Hoodia is a succulent that looks like a cactus. It is now a protected species in South Africa and Namibia. Hoodia gordonii is also found in Angola and Botswana. Illegal harvesting and exports of wild Hoodia has happened in South Africa, Namibia, and Botswana. There has also been some legal harvesting in Botswana and South Africa. Described as a somewhat bitter-tasting cucumber, the San Bushmen remove the skin and spines and have consumed it for generations for a variety of uses, including appetite suppression, thirst reduction, hemorrhoids, hypertension, diabetes, tuberculosis, stomach pain, and indigestion.

Like many succulents, Hoodia gordonii is slow growing. It takes around 5 years for the plant to flower. When this happens, the active compound is present and the plant may be harvested. Although Phytopharm and Pfizer spent over $20 million before realizing it was too expensive to synthesize the active ingredient for mass market, a host of previously unknown and little-known companies all claim to have Hoodia supplements that work. Some of these products may contain concentrates of the right part of the right species of Hoodia to suppress one’s appetite. Testing by Phytopharm has revealed that many of the products contain little or no P57 and that some products are not even Hoodia.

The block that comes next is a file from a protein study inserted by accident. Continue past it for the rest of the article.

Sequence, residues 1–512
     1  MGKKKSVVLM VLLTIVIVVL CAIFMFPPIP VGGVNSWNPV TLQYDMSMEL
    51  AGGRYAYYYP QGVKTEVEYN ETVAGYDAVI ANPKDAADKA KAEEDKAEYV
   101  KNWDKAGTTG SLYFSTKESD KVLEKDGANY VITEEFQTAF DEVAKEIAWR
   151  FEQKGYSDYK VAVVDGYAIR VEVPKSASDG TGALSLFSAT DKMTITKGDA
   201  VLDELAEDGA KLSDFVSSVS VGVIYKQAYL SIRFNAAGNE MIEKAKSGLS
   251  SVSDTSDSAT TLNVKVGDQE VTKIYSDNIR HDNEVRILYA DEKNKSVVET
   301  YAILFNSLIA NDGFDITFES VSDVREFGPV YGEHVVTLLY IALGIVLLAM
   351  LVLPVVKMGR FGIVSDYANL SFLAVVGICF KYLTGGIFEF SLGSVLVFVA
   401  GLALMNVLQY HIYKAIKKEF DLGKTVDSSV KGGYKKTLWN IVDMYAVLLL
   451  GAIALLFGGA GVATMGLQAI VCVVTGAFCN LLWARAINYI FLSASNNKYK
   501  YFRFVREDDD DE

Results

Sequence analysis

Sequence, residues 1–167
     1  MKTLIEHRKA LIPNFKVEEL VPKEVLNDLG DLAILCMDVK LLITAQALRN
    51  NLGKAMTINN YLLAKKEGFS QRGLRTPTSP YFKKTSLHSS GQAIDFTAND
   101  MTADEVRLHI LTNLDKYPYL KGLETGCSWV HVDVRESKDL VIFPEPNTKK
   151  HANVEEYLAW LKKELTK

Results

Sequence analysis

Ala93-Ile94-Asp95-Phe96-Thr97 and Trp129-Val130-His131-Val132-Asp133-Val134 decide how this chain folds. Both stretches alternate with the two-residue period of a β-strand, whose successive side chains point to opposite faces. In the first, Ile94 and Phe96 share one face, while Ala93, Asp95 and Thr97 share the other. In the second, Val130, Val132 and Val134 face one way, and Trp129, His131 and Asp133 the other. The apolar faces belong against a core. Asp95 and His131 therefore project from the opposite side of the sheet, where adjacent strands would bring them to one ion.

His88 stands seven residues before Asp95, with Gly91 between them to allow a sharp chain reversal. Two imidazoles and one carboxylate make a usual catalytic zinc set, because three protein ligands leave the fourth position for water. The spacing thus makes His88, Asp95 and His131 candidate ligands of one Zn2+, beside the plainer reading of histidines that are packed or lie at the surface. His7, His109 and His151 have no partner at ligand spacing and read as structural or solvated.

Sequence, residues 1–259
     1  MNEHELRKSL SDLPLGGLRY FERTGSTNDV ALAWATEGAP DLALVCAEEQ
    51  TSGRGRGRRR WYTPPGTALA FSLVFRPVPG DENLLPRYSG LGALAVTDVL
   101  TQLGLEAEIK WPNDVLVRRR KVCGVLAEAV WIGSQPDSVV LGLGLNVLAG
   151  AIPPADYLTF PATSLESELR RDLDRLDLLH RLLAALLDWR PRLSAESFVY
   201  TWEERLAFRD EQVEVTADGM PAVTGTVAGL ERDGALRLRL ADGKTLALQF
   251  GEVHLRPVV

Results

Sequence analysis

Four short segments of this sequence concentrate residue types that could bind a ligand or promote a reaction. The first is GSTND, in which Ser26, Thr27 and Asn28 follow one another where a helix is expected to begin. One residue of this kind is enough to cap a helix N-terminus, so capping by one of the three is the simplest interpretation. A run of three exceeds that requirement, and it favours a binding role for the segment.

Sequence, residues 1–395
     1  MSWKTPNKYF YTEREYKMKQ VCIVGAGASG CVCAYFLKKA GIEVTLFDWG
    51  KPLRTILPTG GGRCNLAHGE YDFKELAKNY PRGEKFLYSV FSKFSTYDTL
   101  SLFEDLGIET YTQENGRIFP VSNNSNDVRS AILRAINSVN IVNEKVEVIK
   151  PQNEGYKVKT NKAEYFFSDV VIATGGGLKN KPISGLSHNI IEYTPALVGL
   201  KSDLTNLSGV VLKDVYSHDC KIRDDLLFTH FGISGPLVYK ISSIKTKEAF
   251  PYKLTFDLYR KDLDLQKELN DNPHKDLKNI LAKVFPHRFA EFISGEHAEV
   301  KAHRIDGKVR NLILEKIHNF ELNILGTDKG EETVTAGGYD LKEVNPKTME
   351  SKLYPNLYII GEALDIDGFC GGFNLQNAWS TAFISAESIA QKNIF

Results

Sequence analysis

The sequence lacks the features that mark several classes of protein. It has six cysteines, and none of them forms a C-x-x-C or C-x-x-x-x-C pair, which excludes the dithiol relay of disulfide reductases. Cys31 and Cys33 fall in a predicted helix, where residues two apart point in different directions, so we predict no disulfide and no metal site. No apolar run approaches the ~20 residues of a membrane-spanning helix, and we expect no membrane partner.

Phytopharm did one study in 2001 that is quoted or paraphrased on virtually every Web site that sells Hoodia. This was a proprietary study. It was not submitted to a peer-reviewed journal but, instead, issued as a press release. Eighteen obese people took either the P57 compound or a placebo twice a day for 15 days. The results showed that there was a significant reduction in the amount of calories consumed by those subjects who took the P57 compound. By the 15th day, eating whenever they were hungry, those on the P57 consumed up to 1000 calories less than they had prior to the study. Even though this was not released in peer-reviewed format, the results were impressive enough for Phytopharm to spend millions of dollars to learn how to best farm it. They have purchased large parcels of land in the Kalahari and are now growing a huge amount of Hoodia. Because it takes 5 years for the plant to mature and be ready for harvest, the company has set a goal to start sales in 2008. It is interesting to note that none of the many companies hawking Hoodia on the Internet have given their product (and look-alike placebos) to any neutral research facility for any independent studies to see if what they are selling works. I did find one company that posted an open label study of seven obese patients who lost 6, 8, 11, 10, 10, 10 and 7 pounds over 28 days by taking 2 capsules of their product daily.2